As Mjondalen prepare for another promotion push in the 2017 OBOS Ligaen season, it would be safe to say that their pre season form has left a lot to be desired. The side have won just 3 of their 7 games at the time of writing, with these wins coming against sides many would suggest to be inferior.

‘In pre season, we do not really care about the results. We have been focused on trying to break down sides who defend deep against us, also we want to concentrate a lot on our defensive play.

We were very weak at the back against Start (Mjondalen lost 4-0 to the side in February), we tried to play the ball out from the back which left us vulnerable and we made some individual mistakes. We have tried to think more about balancing the team this preseason, the players need to realise that it is not just about playing attacking football.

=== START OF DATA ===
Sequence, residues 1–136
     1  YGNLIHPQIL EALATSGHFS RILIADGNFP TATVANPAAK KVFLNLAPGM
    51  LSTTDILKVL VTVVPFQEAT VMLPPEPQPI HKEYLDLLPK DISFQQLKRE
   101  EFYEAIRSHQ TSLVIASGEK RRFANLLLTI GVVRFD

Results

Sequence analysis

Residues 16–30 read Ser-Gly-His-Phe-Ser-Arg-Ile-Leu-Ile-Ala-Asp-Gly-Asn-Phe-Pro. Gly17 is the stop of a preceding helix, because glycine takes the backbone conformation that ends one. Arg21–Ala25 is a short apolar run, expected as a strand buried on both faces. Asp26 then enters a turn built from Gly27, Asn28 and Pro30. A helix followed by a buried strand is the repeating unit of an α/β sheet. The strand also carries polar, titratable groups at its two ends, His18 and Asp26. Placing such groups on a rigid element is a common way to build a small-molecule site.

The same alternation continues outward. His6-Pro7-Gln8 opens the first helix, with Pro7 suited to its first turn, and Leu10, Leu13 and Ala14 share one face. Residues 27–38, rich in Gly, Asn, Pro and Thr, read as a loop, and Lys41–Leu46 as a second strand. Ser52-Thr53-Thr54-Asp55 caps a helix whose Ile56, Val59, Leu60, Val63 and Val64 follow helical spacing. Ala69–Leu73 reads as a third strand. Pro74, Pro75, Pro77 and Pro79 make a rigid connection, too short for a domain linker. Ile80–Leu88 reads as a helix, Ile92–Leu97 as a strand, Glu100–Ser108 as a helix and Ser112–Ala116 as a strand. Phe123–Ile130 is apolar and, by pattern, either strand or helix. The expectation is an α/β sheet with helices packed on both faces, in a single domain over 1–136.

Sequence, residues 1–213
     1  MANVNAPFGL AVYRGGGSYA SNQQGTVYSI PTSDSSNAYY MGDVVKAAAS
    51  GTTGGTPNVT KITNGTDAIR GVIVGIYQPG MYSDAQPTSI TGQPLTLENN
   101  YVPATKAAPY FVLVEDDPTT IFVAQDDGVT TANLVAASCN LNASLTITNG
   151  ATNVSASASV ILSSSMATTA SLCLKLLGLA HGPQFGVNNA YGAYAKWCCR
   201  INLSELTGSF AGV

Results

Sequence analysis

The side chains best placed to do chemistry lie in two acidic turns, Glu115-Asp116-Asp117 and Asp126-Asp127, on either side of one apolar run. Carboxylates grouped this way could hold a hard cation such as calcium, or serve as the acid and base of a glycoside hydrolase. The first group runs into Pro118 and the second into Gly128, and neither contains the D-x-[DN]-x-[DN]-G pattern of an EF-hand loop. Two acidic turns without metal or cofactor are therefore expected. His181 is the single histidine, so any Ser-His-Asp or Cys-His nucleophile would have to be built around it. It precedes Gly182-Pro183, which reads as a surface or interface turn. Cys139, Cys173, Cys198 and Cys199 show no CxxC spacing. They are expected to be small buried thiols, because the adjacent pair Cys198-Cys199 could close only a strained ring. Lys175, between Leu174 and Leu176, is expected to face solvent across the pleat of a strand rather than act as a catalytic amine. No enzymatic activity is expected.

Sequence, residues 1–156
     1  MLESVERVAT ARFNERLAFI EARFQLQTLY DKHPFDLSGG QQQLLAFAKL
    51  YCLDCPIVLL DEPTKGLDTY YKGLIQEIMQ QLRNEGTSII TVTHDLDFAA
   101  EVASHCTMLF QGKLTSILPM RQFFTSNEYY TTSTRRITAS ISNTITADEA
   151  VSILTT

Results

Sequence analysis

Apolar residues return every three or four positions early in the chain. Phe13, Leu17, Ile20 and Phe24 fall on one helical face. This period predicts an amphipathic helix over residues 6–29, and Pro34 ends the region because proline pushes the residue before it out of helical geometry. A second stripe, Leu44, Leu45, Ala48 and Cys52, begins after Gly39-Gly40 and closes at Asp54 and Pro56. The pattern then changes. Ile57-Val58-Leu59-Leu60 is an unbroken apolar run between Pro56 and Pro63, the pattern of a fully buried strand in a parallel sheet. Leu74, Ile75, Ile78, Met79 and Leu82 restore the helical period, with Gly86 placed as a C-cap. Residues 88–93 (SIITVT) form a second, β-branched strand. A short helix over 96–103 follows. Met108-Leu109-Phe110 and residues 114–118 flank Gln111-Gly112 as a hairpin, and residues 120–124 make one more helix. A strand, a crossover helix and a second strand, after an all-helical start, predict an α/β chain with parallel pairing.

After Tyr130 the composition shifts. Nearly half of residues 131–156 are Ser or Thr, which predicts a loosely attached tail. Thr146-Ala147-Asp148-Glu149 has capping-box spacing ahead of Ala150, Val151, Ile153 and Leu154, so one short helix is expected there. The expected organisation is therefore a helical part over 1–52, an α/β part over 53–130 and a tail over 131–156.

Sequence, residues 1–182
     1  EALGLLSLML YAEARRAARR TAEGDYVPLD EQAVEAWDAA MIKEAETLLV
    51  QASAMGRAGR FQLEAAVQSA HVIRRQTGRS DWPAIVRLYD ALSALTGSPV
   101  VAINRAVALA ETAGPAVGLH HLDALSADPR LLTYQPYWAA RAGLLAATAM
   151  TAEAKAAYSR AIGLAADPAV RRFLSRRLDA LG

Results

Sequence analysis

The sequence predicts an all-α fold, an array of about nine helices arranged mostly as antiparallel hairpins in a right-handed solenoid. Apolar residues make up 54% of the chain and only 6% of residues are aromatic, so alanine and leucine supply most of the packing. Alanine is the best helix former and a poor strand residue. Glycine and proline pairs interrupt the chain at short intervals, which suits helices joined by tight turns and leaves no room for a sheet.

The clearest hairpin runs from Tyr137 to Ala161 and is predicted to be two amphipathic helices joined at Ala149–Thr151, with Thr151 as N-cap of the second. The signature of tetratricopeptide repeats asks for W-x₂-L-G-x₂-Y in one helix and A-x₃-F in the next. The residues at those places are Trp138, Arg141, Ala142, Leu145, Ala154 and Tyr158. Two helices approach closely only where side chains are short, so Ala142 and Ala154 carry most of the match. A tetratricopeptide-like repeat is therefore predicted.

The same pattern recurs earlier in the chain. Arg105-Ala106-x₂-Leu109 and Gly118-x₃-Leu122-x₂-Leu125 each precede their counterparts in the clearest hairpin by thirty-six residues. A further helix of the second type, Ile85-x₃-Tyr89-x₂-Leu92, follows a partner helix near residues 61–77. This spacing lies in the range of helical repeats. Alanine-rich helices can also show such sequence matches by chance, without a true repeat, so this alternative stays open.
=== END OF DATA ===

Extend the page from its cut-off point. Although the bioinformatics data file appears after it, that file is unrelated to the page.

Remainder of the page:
We have also been training a lot more this year. 2 times a day, 4 times a week. We made this decision after last season, i think Norwegian football in general trains too little and we as a club for sure did not train enough last season. We trusted the players to ‘do their homework’ and train outside the club but this did not work, so now we do all our training from the stadium together.’

During their successful 2014 promotion season and not so successful 2015 Eliteserien stint, Mjondalen were known for their direct play and dangerous set pieces. Hansen suggests that this style was lost slightly as the side looked to play more ‘attractive’ football during the first few months of their 2016 season.